The biggest star in the universe
What star ever open the most? Hard to say, because even with all the modern miracles of technology scientists are still difficult to judge the size of celestial bodies. However, the biggest star in the universe is now recognized by VY in the constellation Canis major. Its size was recently found. Did this Professor of the University of Minnesota Robert Humphrey. The calculation results are impressive: the star was around 1540 times more than the Sun. This suggests that if the star positioned at the place of the Sun, it would be fully closed orbit of Saturn. To enable readers to imagine VY Canis major (or, in scientific language, Canis Majoris) is large, we compare it with the Earth. In order to orbit our planet on a plane, going from 40 to 50 hours, and to fly around the largest star will have to spend about 1100 years.
Under the assumptions of the famous scientist Robert Humphrey, the surface temperature of a star of about 3500 degrees Kelvin. While the temperature on the surface of one of the brightest stars in the Universe is called ETA Carinae, is 25 thousand degrees on the Kelvin scale. Professor Humphrey believes that the size of the star depends on its temperature: the colder, the more. From this theory it follows that if there was a huge star with a temperature of 3000 degrees, the size it would be at 2600 Suns. And, according to Robert Humphrey, is the largest possible size for a star.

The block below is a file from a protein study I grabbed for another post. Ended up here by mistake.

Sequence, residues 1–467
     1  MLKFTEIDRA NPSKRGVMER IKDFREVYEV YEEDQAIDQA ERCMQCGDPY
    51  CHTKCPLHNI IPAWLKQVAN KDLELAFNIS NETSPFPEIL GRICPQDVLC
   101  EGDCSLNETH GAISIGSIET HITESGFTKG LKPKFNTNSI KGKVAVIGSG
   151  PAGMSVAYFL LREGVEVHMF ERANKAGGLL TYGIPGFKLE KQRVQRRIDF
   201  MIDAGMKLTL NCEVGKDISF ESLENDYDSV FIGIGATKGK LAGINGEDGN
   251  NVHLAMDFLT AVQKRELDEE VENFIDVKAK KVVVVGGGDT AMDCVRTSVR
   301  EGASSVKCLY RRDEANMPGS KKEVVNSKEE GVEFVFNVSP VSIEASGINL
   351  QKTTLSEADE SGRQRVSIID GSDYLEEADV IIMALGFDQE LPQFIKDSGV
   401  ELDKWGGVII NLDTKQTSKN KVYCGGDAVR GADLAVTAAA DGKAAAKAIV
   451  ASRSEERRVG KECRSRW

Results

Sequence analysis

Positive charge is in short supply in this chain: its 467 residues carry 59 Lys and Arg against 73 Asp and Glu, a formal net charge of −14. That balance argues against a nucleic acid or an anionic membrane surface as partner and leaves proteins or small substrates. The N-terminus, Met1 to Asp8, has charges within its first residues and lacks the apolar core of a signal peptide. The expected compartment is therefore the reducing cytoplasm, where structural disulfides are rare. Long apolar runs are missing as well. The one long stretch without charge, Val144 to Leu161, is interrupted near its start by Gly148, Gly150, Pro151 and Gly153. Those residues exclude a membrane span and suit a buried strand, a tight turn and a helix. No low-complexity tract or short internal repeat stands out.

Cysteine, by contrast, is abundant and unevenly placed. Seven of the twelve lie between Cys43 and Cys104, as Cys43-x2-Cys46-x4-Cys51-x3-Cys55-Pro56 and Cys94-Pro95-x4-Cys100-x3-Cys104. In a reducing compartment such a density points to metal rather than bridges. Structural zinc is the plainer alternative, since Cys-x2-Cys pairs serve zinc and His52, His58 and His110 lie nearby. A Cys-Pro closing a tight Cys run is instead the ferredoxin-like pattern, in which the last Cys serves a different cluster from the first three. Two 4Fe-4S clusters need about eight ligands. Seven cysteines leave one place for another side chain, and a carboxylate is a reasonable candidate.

The first VY Canis Majoris were observed by Joseph jérôme de Lalande. The first mention of it in recorded observations date back to March 7, 1801. Also, based on his records, we can conclude that this star began to lose its brightness in 1850.
Scientists estimate VY Canis Majoris today has lost half of its mass. Consequently, the reserves of hydrogen fuel inside it is gradually exhausted. However, it may take more than one thousand years before, a massive star in our Universe explodes and forms a neutron star, and perhaps even a black hole. In any case, the inhabitants of the Earth have nothing to fear: the star is at a distance of 5 thousand light-years and its explosion will not cause us any harm.
However, it is one on one only of those heavenly bodies known to mankind. The universe is huge and as we would like, it is unlikely we will be able to thoroughly explore every area. Don’t rule out the possibility that somewhere beyond our reach is the star several times larger than VY Canis Majoris.